Setting Employee Development Goals and Your Company

April 5, 2016 7:58 pm

If you think that your employees are just doing their job so that they can get paid every end of the month, you are highly mistaken. Your employees are not working just to earn money for their living and personal expenses. They are trying to find themselves and give a contribution to the world by waking up and going to work every morning. Having a job helps in adding value and meaning to your employees’ existence. This is the reason why if you are a good manager you would be equally concerned about the things they care about. One of the more effective ways to do this is by setting employee development goals.


Scope of employee development goals

There are different kinds of employee development goals but each one are somehow related as they tend to build up until the highest goals has been reached.

  • Job Goals – these are goals made to make the employee’s job description more realistic and measurable.
  • Project Goals – these are goals made to ensure that the employee will smoothly and effectively carry out an assigned project from the start until the end.
  • Professional Development Goals – these are goals made to help the employee be better-rounded and learn more skills.
  • Performance Goals – these goals are geared toward ensuring that the employee will acquire behaviours that will help him to be more productive, effective, and efficient.

Steps in Goal Setting

Setting employee development goals require collaboration between the superior and the employee. It needs commitment from both parties. However, it is important for the superior to serve the role of mentor so that the entire process will not be merely about identifying targets but in ensuring that the employee will develop and be better in his field in the process of reaching his goals.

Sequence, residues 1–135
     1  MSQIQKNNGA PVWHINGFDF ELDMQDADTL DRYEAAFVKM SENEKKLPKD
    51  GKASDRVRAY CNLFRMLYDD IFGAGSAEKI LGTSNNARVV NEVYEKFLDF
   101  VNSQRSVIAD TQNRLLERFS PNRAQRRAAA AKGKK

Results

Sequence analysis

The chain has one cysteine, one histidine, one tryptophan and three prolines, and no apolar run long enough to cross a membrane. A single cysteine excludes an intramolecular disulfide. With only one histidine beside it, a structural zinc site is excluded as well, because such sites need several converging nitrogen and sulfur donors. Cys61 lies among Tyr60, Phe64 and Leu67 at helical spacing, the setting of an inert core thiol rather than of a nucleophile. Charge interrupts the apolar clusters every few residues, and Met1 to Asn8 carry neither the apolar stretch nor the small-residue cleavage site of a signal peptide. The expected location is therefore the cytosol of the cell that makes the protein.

• Discussion – during this period, the superior and employee with try to discuss what would be the appropriate goal or target for a given task, project, or program.
  • Goal Setting – at this time, the superior and employee already reached an agreement on the target goals. The goals should benefit the company first and foremost but at the same time should be achievable by the employee.
  • Review – after a certain period, there should be a review process to track down the employee’s progress. Is the employee underachieving or overachieving? Is there a need to make some reasonable adjustments on the target goals? These are just some of the issues that need to be addressed in this phase.
  • Intervention – if the employee is underachieving, the superior may recommend interventions like training and coaching to help the employee gain some ground in reaching his goals.

The information above clearly shows the value of setting employee development goals. At the end of the day it would be difficult (or almost impossible) to determine actual performance (growth) if you do not have any standard or set goal as basis. As your employee start reaching his goals you will realize that you are also letting the company grow.

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